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Articles by S Harada
Total Records ( 3 ) for S Harada
  S Kitano , Y Higashimoto , S Harada , M Sano , T Kurata , Y Yamaguchi , M Kunitomo , J Haginaka and S. i. Yamagishi
  Background

Circulating oxidized low-density lipoproteins (LDLs) (ox-LDLs) could be a sensitive marker to predict future cardiovascular events. However, a method to evaluate oxidized forms of LDLs systemically in human plasma is not yet established. In this study, we developed a novel and convenient high-performance liquid chromatography (HPLC) method for measuring ox-LDL levels in humans.

Methods

Human plasma lipoproteins were separated by a modified HPLC method using a diethylaminoethyl-type anion-exchange gel column with stepwise elution. Ox-LDLs were detected by postcolumn reaction with a regent containing cholesterol esterase and cholesterol oxidase. Particle size of each LDL fraction separated by HPLC was determined in 61 healthy subjects.

Results

Our HPLC method separated LDLs into three fractions, which were designated as LDL-1, LDL-2 and LDL-3, on the basis of their negative charges, with LDL-3 the most strongly retained fraction migrating fastest in the anodic direction, a property that reflects the net negative charge of the molecule. Western blot analysis revealed that apolipoprotein B100 in LDL-3 fraction was the most fragmented and oxidatively modified. When LDLs were oxidized in vitro by Cu2+ or 2,2-azo-bis (2-aminopropane)-2HCl or modified by various aldehydes, all of the LDL fractions migrated at the position of LDL-3. Further, among three fractions, particle size was smallest in LDL-3 fraction.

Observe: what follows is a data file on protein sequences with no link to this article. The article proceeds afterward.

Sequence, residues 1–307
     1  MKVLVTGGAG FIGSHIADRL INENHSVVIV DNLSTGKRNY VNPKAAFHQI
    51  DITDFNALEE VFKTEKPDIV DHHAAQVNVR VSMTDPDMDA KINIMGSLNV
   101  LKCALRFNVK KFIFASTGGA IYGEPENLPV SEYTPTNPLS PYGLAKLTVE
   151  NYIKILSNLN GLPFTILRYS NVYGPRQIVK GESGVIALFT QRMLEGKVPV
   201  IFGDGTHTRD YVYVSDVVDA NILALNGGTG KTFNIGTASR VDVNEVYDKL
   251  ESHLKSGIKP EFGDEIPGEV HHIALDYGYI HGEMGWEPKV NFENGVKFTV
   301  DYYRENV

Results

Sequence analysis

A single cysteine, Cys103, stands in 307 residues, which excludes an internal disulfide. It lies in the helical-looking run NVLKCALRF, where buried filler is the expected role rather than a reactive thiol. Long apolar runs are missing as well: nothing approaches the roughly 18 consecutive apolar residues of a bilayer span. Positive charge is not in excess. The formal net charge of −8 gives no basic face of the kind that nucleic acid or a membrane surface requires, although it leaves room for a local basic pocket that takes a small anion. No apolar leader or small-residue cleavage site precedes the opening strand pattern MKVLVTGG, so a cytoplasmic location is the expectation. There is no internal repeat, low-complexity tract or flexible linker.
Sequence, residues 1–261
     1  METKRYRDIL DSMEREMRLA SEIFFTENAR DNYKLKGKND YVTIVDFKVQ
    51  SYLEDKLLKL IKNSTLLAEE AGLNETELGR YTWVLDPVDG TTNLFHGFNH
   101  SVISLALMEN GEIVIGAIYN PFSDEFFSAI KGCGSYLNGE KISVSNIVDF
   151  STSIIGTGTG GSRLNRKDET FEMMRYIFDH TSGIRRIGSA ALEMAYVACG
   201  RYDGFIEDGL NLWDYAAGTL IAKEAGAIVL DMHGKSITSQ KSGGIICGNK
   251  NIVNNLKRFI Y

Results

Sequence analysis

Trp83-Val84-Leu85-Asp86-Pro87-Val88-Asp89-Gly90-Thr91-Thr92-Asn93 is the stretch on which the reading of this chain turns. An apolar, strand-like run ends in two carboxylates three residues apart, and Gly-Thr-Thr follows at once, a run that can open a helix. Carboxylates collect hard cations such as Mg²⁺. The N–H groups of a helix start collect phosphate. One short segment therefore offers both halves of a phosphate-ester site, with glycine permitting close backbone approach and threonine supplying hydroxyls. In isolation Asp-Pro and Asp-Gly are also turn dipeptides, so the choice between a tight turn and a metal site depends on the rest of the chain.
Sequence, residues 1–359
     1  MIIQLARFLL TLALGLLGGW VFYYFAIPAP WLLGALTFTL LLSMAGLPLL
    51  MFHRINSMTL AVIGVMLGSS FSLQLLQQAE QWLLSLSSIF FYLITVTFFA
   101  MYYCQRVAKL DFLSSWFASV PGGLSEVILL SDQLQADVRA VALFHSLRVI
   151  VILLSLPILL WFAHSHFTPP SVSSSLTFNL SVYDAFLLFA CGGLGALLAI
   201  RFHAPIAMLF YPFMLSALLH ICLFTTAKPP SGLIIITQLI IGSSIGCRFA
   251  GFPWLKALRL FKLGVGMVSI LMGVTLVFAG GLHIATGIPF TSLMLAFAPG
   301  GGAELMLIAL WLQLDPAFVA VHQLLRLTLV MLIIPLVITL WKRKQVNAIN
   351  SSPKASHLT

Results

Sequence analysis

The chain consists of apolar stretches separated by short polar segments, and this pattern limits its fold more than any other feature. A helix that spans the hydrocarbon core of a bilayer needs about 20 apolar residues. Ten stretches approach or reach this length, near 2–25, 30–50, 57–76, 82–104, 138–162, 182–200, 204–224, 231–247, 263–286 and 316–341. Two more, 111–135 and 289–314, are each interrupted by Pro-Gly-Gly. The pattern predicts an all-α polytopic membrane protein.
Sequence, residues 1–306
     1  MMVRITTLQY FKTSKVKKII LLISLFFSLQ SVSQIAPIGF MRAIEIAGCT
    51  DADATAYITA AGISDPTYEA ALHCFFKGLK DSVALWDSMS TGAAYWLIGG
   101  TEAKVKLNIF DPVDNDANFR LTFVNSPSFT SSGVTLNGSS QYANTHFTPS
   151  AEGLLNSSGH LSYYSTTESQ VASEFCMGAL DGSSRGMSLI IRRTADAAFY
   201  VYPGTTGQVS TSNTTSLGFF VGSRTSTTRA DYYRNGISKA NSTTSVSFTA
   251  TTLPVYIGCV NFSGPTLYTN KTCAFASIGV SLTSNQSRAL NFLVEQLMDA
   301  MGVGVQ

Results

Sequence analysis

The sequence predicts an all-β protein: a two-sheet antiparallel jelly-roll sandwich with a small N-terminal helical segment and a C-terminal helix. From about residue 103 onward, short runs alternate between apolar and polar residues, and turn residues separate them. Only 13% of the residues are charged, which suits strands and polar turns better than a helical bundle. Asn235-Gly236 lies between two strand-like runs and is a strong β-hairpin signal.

Conclusion

Here, we developed a convenient HPLC method and identified LDL-3 as oxidized LDL fractions, although ox-LDLs were present in LDL-2 fraction, albeit lesser concentrations than in LDL-3 subfraction. Measuring ox-LDL levels in human plasma by this method may be useful to evaluate atherosclerotic disorders.

  T Mogi , T Kawakami , H Arai , Y Igarashi , K Matsushita , M Mori , K Shiomi , S Omura , S Harada and K. Kita
 

To identify antibiotics targeting to respiratory enzymes, we carried out matrix screening of a structurally varied natural compound library with Pseudomonas aeruginosa membrane-bound respiratory enzymes. We identified a succinate dehydrogenase inhibitor, siccanin (IC50, 0.9 µM), which is a potent antibiotic against some pathogenic fungi like Trichophyton mentagrophytes and inhibits their mitochondrial succinate dehydrogenase. We found that siccanin was effective against enzymes from P. aeruginosa, P. putida, rat and mouse mitochondria but ineffective or less effective against Escherichia coli, Corynebacterium glutamicum, and porcine mitochondria enzyme. Action mode was mixed-type for quinone-dependent activity and noncompetitive for succinate-dependent activity, indicating the proximity of the inhibitor-binding site to the quinone-binding site. Species-selective inhibition by siccanin is unique among succinate dehydrogenase inhibitors, and thus siccanin is a potential lead compound for new chemotherapeutics.

  N. T. T Nhien , N. T Huy , M Naito , T Oida , D. T Uyen , M Huang , M Kikuchi , S Harada , K Nakayama , K Hirayama and K. Kamei
 

Free haem is known to be toxic to organs, tissues and cells. It enhances permeability by binding to a cell membrane, which leads to cell death, and damages lipids, proteins and DNA through the generation of reactive oxygen species. Lysine- and arginine-specific gingipains (Kgp and RgpA/B) are major proteinases that play an important role in the pathogenicity of a black-pigmented periodontopathogen named Porphyromonas gingivalis. One of the adhesin domains of gingipain, HbR could bind haem as an iron nutrient source for P. gingivalis. Using erythrocyte and its membrane as a model, results from the present study demonstrate that recombinant HbR expressed in Escherichia coli could inhibit haem-induced haemolysis, probably through removing haem from the haem–membrane complex and lowering free haem toxicity by mediating dimerization of haem molecules. The ability to protect a cell membrane from haem toxicity is a new function for HbR.

 
 
 
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